How much money do you need to be considered rich in France?

The Local France
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How much money do you need to be considered rich in France?
Don't expect too many conspicuous displays of wealth in France. Photo by GEOFFROY VAN DER HASSELT / AFP

While it is a wealthy country (the 7th largest economy in the world) France is not a particularly high-wage society - so how much money do you need to be considered wealthy by French standards?


The world's richest man is a Frenchman - CEO of luxury goods corporation LVHM Bernard Arnault is worth roughly €230billion. But he's very much the exception - government statistics put the median monthly take-home pay for a full-time employee in France at around €2,000 (or €24,000 a year after tax). 

That figure – the median is the ‘middle value’ of a range of totals – hides a high degree of variance: the average monthly salary in Paris is higher than in Saint-Etienne, for example; while employees in larger companies may well earn more than those working for smaller businesses in the same industry.

France's national statistics body Insee reports that a quarter of full-time employees make less than €1,670 per month, while half earn less than €2,092.


Top earners

A total of 23 percent of workers take home €3,000 or more every month, while the top 10 percent clear €4,170. 

To be in the top one percent of earners in France in 2024, one person must bring in at least €10,000 per month. After taxes and social charges.

READ ALSO Working in France: What can you expect to earn?


Using the government’s own figures, the independent Observatoire des Inégalités has calculated poverty and wealth levels in France.

According to their calculations, to be considered ‘rich’ in France, a single person with no dependents should take home more than €3,860 per month. Around eight percent of single workers have this sum deposited into their bank balance every month, it reported.

At the other end of the scale, that same single person would be on or below the breadline if they had just €965 per month to live on, the Observatoire said.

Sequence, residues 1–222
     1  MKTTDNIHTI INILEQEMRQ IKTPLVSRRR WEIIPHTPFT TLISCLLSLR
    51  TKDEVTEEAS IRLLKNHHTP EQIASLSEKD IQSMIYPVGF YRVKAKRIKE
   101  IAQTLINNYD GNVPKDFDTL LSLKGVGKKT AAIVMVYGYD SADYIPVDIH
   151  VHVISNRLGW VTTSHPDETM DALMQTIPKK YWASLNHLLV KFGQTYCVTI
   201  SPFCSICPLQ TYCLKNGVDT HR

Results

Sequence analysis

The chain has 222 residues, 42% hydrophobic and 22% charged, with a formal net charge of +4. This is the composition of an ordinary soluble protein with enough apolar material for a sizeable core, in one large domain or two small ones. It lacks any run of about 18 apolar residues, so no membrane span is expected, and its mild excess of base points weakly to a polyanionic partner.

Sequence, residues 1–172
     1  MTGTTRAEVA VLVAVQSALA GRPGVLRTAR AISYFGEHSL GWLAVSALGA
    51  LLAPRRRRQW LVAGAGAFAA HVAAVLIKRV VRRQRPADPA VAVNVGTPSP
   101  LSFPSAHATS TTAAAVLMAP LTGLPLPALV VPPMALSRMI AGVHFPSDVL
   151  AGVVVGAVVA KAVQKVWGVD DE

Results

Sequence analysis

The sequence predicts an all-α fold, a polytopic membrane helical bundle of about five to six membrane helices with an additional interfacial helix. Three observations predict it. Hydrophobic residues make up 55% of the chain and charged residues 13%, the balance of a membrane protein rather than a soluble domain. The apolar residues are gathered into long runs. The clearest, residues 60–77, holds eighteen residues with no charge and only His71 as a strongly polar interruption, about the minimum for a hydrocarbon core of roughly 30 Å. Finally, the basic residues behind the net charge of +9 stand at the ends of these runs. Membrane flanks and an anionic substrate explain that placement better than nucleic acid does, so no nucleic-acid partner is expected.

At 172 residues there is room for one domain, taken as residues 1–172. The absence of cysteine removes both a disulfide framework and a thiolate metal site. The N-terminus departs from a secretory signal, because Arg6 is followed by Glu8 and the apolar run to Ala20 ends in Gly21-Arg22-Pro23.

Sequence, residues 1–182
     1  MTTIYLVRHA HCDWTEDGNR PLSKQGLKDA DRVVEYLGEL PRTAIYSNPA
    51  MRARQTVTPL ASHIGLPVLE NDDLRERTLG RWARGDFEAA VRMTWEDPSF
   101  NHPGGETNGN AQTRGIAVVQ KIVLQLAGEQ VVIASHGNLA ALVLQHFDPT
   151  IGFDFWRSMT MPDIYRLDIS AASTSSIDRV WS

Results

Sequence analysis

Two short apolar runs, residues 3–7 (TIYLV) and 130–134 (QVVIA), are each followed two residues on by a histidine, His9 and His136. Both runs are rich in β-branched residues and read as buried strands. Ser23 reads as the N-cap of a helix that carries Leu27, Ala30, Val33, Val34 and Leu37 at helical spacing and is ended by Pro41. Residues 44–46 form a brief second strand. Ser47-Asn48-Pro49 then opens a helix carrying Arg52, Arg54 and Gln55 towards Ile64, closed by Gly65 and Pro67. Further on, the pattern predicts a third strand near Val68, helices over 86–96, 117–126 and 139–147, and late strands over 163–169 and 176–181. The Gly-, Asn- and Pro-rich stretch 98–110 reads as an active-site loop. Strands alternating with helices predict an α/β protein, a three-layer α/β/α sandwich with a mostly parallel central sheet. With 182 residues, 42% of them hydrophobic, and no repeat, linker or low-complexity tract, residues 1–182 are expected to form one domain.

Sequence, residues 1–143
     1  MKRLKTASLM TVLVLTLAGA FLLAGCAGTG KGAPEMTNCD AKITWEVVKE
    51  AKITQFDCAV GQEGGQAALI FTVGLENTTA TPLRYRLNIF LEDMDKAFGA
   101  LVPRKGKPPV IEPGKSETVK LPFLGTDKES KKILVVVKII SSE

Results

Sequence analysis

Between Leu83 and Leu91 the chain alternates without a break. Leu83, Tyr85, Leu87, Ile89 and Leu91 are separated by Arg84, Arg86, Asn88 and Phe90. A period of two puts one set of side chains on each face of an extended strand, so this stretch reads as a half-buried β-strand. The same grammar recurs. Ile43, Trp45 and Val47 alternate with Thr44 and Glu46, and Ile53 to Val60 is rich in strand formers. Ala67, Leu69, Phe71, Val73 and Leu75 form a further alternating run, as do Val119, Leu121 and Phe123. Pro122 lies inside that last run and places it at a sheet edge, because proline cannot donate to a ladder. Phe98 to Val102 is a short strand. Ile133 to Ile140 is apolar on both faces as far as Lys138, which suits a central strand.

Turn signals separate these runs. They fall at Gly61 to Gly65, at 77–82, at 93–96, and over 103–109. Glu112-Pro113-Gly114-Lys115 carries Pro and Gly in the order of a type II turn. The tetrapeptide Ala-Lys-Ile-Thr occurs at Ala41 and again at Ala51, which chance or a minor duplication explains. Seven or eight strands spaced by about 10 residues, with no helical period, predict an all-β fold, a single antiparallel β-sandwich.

READ ALSO EXPLAINED: How much money do I need to live in France?

Less than €1,530 per month would mean that person is considered poor but not on the breadline; monthly take-home of between €1,530 and €2,787 would mean that person was considered ‘middle class’; between €2,787 and €3,860 would class them as ‘affluent’.

Its figures are recalculated based on family size. For example, a single parent with a child aged under 14 needs to bring in €5,018 per month after taxes and social charges to be considered ‘rich’ under the Observatoire’s calculations; while a couple with one child under 14 needs to have combined after-tax monthly earnings of €6,948.

That figure jumps to €9,650 for a couple with two children aged 14 or over, and €10,808 if they have three children, one of whom is under 14.


A couple without children, meanwhile, need to earn at least €5,790 net per month to be counted as rich in France. 

Here's a table of example take-home earning levels, using the Observatoire des Inégalités' figures:

  Single person Single parent with one
child U14
without children
with one
child U14
with two children
aged 14+
with three children, including one U14
Poverty line < €965
per month
< €1,255
per month
< €1,488
per month
< €1,737 
per month
< €2,413
per month
< €2,702
per month

€965 -

€1,255 -
€1,488 -
€1,737 -
€2,413 -
€2,702 -
'Middle class' €1,530 -
€1,989 -
€2,295 -
€2,754 -
€3,825 -
€4,284 -
Affluent €2,787 -
€3,623 -
€4,180 -
€5,016 -
€6,967 -
€7,803 -€10,808
Rich > €3,860 > €5,018 > €5,790 > €6,948 > €9,650 > €10,808


These are based on people who are in work, and naturally there are plenty of people in France who are either retired of living off inherited wealth or passive income such as property rentals who might also be considered wealthy.

France has a 'wealth tax' which is levied on people worth more than €1.3 million.

This tax is very specific and is calculated based on assets (mostly real estate) that you own, rather than salary or other income. It can also apply to property owned outside France.

READ ALSO How France's wealth tax works

One thing you're unlikely to hear in France, however, is people boasting about the size of their pay packet.

Many French people, especially older ones, consider it vulgar to talk about money and people who are well paid are more likely to play down the extent of their wealth than to boast about it.

Is it true that the French don't like to talk about money?


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